BEND, Ore. - A storm of controversy which has emerged from new proposals to improve water quality standards on many Oregon streams and rivers will be addressed at a conference July 25-26 in Bend, Ore.
Expected at the meetings are representatives of state, local and federal agencies, the governor's office, the forest products, ranching, pulp and paper industries, tribal groups and urban water quality managers.
The conference, titled "TMDL Issues: The Good, The Bad and The Ugly," is sponsored by the Oregon Water Resources Research Institute at Oregon State University. Registration fees are $85 for the two-day meeting at the Riverhouse Resort in Bend, and can be made by contacting the OWRRI at (541) 737-4022 prior to July 12.
At issue, officials say, are draft proposals on a new list prepared by the Oregon Department of Environmental Quality. One proposal would raise the number of stream segments in Oregon listed as not meeting water quality standards from about 150 to more than 900, under Section 303(d) of the federal Clean Water Act.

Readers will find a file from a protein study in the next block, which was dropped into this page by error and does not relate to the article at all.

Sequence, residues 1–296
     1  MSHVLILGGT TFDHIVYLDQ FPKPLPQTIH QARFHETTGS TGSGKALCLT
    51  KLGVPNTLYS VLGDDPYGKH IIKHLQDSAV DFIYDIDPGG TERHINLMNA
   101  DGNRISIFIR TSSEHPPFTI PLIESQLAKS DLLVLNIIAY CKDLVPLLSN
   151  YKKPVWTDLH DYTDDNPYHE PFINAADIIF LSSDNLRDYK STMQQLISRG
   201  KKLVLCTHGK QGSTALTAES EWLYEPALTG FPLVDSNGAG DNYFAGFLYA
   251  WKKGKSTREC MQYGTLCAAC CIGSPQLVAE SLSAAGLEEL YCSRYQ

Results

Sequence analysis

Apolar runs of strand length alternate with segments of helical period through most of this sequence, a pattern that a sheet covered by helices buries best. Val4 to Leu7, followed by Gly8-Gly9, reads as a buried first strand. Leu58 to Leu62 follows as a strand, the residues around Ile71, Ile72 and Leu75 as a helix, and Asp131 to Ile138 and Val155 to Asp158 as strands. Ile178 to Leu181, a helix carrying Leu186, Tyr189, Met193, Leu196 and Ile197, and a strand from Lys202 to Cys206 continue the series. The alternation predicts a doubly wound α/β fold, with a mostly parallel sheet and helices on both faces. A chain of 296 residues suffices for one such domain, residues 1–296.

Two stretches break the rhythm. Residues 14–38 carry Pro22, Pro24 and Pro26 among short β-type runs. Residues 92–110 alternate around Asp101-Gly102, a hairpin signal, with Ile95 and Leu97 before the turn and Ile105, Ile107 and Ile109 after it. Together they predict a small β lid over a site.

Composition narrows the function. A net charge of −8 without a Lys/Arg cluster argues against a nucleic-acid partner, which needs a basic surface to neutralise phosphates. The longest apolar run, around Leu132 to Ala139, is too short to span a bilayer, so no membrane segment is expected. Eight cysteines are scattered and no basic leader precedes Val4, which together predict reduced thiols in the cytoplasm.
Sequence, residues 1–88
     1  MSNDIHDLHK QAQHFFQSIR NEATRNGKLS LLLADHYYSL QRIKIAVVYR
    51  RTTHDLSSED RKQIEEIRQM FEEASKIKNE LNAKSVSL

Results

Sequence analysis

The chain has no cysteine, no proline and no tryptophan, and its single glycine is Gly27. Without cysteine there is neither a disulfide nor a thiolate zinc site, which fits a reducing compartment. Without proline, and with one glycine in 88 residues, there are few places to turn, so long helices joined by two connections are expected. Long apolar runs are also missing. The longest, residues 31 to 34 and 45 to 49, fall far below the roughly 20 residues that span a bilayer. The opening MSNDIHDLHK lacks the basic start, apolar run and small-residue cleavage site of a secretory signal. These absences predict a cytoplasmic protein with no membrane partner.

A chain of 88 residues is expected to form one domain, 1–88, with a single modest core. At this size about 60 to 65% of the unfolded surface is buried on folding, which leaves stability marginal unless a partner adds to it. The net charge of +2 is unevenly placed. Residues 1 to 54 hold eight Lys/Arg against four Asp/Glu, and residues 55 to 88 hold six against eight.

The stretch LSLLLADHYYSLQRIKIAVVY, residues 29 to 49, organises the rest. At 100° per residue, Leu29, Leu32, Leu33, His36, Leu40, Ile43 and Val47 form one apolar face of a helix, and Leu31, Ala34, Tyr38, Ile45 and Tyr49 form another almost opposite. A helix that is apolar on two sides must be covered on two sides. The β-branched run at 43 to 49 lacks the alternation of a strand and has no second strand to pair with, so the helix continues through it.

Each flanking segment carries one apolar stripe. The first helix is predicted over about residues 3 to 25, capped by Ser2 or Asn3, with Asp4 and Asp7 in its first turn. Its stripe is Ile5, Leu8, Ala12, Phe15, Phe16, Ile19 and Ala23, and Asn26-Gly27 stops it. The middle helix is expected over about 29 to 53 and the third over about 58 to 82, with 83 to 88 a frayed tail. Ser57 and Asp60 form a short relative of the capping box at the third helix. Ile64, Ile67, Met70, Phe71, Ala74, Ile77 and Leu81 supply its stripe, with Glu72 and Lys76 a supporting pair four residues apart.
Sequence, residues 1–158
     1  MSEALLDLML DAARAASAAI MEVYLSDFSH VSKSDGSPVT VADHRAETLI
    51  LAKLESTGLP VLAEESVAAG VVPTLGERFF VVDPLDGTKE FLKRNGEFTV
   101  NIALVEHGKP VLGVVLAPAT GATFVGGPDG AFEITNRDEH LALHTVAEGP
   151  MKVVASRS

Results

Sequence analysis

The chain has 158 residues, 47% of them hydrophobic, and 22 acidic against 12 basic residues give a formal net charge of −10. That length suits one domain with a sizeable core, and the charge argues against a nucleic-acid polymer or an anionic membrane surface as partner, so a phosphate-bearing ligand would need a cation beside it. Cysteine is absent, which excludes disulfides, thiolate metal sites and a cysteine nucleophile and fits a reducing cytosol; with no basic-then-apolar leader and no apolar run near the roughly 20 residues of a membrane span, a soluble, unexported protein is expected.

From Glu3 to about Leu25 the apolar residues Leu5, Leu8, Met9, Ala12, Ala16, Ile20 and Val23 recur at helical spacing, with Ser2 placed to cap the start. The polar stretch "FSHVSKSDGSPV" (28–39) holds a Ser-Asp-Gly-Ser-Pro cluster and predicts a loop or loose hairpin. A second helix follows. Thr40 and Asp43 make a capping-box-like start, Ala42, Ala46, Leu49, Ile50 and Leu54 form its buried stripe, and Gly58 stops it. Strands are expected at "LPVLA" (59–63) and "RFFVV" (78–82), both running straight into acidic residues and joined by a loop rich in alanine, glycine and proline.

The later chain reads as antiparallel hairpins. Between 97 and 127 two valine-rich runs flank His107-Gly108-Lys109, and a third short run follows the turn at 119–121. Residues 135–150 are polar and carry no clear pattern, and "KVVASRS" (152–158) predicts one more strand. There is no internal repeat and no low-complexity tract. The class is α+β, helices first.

"Water quality standards are an important and controversial issue in Oregon as the list of water-quality-limited streams increase and total maximum daily load, or TMDL values are established," said Patricia Easley, an organizer of the symposium.
The new list is "more a change in federal guidance than it is a reflection of deteriorating water quality in Oregon," said a DEQ official.
A change in TMDL regulations, Easley said, could affect every permit holder, both industrial and municipal, who discharges into the 409 Oregon rivers and streams on the new list.
The conference in Bend will examine the new list, what it means to be "water quality limited," what is on the list and why, how stream temperature standards have an impact on water quality, who's collecting the data, what the future may bring, and many other issues, Easley said.